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Read for the Record to promote early childhood literacy

Publication Date: 
October 18, 2017

WORCESTER – Thousands of young children across the city will go “Quackers” on Thursday as City Manager Edward M. Augustus Jr., U.S. Rep. James P. McGovern, D-Worcester, Jake the Lion from the Worcester Bravehearts and others volunteer for the largest Read for the Record event held in Worcester.

The event is part of the world’s largest shared reading experience, which brings together more than 2 million people each year in classrooms, libraries, community centers and homes across the U.S. It was launched more than a decade ago to highlight the importance of building early literacy and language skills for every child, so that all children have the opportunity to enter kindergarten prepared to succeed, explained Julie Fitzpatrick, city program and site manager for the Jumpstart program at Worcester State University that organizes the effort in Worcester.

All families are invited to join the fun, Ms. Fitzpatrick says, from 4 to 5 p.m. Thursday at the Worcester Public Library, and hear the city manager read “Quackers,” written by Liz Wong, and participate in activities that go along with the theme of the story. Additionally, volunteers from the United Way and other organizations volunteered to read to city children. And every child in Head Start, preschool or kindergarten in the Worcester public schools will receive a copy of “Quackers.” That’s about 4,000 books.

“This is our first year doing such a large-scale event in the city,” Ms. Fitzpatrick said. “We would love to see as many families as can be there. The first 100 families (at the library) will be able to leave with their own copy of ‘Quackers’ and there will even be a few special guests.”

Worcester’s Read for the Record sponsors include the United Way, UMass Memorial Healthcare and AbbVie.

“The number we typically use to think about this is the MCAS reading score at third grade,” Ms. Fitzpatrick said when asked about youth literacy rates in Worcester. “In 2014, 63 percent of third-grade students failed to receive a score of proficient or better.”

In Worcester, 34 percent of the 6,000 children under age 5 are living in poverty – and that affects literacy, she said.

“We also know that children in low-income neighborhoods start kindergarten 60 percent behind their peers from more affluent communities,” she said. “Unfortunately, when children start behind they tend to stay behind. A child not reading at grade level by the end of third grade is four times more likely to drop out of high school.”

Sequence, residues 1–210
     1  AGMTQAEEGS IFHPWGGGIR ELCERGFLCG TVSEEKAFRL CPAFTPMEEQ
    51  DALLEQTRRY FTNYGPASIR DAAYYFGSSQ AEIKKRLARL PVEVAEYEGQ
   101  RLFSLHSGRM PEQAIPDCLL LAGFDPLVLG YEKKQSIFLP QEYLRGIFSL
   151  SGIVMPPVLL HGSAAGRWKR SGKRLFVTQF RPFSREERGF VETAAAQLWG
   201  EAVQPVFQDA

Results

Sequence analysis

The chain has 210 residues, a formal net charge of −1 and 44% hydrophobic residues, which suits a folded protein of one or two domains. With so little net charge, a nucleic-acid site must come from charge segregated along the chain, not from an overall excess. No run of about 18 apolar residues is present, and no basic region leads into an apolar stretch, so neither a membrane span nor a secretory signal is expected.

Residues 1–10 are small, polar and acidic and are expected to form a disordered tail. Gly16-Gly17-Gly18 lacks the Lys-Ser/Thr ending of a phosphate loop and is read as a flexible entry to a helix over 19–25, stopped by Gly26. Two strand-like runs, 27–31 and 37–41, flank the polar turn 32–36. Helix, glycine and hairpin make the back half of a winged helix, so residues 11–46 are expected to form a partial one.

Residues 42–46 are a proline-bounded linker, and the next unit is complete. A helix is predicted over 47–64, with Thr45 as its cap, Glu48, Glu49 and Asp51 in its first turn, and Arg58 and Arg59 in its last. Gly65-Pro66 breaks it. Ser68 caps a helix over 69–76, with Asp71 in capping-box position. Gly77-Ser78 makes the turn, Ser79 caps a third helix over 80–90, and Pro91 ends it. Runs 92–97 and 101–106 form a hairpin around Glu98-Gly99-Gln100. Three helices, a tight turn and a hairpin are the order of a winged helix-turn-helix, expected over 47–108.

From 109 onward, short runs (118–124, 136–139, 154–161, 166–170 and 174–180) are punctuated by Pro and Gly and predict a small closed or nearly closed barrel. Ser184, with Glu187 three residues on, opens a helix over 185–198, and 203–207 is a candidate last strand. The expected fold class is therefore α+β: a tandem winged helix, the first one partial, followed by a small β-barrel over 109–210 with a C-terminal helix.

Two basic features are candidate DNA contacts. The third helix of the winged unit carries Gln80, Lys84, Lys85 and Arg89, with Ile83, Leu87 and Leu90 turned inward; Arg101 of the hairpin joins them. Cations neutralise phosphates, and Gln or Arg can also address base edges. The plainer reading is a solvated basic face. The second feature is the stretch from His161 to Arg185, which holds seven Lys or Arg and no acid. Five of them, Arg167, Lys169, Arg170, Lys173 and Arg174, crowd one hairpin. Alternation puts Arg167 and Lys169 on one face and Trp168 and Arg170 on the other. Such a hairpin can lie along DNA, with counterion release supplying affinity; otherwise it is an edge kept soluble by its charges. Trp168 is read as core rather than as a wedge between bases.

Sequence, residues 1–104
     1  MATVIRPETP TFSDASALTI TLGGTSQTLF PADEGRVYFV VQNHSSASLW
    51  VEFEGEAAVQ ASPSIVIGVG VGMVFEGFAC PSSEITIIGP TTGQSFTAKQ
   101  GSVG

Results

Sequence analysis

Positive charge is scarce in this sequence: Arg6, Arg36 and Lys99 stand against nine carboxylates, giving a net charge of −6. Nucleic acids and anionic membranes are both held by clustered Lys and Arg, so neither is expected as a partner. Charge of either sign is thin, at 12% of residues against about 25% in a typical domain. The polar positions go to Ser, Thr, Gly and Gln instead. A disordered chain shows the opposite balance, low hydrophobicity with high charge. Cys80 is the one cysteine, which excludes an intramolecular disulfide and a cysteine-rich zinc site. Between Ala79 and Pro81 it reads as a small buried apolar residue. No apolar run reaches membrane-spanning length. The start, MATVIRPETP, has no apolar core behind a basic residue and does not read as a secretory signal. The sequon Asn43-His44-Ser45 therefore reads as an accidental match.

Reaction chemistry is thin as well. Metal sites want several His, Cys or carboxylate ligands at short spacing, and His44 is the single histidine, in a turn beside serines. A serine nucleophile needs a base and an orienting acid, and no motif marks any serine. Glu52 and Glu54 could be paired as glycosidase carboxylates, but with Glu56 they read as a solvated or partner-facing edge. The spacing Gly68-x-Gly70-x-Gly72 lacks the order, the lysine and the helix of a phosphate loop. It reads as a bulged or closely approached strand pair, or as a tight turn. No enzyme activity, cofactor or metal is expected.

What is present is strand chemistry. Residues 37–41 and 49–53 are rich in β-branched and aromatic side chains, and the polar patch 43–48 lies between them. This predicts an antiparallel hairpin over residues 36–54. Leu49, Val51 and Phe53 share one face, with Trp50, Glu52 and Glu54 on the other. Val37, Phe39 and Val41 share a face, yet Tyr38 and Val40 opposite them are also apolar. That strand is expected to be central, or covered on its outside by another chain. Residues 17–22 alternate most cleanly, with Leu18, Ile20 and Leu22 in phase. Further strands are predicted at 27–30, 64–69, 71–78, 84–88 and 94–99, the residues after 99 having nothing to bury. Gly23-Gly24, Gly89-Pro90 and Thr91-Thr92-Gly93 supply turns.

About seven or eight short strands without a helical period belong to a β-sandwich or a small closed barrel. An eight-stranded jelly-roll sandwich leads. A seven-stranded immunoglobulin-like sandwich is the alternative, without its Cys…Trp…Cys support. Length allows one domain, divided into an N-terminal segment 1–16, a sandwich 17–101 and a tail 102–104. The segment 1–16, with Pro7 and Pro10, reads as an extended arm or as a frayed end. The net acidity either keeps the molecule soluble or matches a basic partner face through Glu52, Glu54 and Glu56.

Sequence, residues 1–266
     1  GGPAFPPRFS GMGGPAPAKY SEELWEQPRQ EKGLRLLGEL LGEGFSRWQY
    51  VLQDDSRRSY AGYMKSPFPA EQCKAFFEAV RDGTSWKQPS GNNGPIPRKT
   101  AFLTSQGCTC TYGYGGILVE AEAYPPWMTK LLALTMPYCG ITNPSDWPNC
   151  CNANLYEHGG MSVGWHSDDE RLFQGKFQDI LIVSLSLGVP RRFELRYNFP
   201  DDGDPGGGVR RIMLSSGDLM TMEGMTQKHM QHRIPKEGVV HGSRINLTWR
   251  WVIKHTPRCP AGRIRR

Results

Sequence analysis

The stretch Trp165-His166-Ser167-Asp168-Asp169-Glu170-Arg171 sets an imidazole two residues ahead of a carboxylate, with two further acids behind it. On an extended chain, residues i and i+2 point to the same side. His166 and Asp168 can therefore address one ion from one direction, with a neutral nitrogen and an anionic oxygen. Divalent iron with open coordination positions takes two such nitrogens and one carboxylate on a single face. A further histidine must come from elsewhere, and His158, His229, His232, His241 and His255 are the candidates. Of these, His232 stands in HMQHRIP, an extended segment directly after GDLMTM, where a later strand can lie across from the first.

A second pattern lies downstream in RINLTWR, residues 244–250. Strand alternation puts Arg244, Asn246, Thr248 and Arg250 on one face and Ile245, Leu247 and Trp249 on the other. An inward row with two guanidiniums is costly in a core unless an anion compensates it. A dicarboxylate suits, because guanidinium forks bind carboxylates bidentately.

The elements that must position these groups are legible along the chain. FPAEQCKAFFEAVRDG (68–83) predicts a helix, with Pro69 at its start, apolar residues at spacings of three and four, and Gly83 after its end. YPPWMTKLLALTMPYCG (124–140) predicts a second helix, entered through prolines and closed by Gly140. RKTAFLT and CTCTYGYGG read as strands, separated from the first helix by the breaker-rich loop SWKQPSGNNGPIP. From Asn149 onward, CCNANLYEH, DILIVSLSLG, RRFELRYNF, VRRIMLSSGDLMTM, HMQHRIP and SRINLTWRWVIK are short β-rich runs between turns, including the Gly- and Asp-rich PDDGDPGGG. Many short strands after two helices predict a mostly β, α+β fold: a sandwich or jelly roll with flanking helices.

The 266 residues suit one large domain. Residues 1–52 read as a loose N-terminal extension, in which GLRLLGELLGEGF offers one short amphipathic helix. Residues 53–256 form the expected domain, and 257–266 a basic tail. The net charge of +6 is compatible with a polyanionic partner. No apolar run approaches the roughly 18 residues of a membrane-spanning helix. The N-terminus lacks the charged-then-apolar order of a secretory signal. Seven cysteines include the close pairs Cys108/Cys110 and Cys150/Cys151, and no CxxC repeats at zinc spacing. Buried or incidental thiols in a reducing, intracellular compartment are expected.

Ms. Fitzpatrick emphasized the importance of reaching children at a young age.

Jumpstart, a national nonprofit early education organization, provides language, literacy and social-emotional programming for preschool children from under-resourced communities and promotes quality early learning for all children, she said.

Preschool interventions for at-risk children have been associated with significantly higher scores on academic measures as young adults, increased likelihood of attending a four-year college, reduced likelihood of teenage pregnancy, lower crime rate and higher earnings, Ms. Fitzpatrick said.

United Way CEO and President Timothy J. Garvin said the organization seeded the program three years ago with a $20,000 startup grant after receiving a phone call from former Lt. Gov. Timothy P. Murray.

“Read for the Record is an attempt to get more people reading the same book on one day than ever before. The delightful, funny, beautiful book ‘Quackers’ has great art and a simple story, but is also about diversity and inclusion and how we all belong. It will not only get kids excited about reading, but also thinking about a bigger story.”

The event may break a reading record in the city, Mr. Garvin said, and Worcester readers may also contribute to breaking a world reading record Thursday.

United Way volunteers are heading into as many classrooms as they can to read all day long Thursday, Mr. Garvin said.

Di-Ann Ethier, education coordinator for the Webster Square Day Care Center, said the preschool began working with Jumpstart when it first came to the city in 2015 in one of its pre-K classrooms and the collaboration has grown since. Families and teachers at the center, which serves low-income and at-risk families, are excited about Thursday’s event, she said.

“Without the basic fundamentals, children will struggle throughout life,” Ms. Ethier said. “Incorporating Jumpstart into our curriculum has been amazing. (They) are able to work in small groups with our children helping them learn and reinforce the important fundamentals.”

So, what can parents do to help with their children’s progress after the Read for the Record event?

“Read,” said Ms. Fitzpatrick emphatically. “Reading is the best activity you can do with your child. Make it part of your routine before bed or after dinner. Reading books together will allow your child to experience new vocabulary and ideas. There are also so many wonderful events here in Worcester that foster reading with your children.”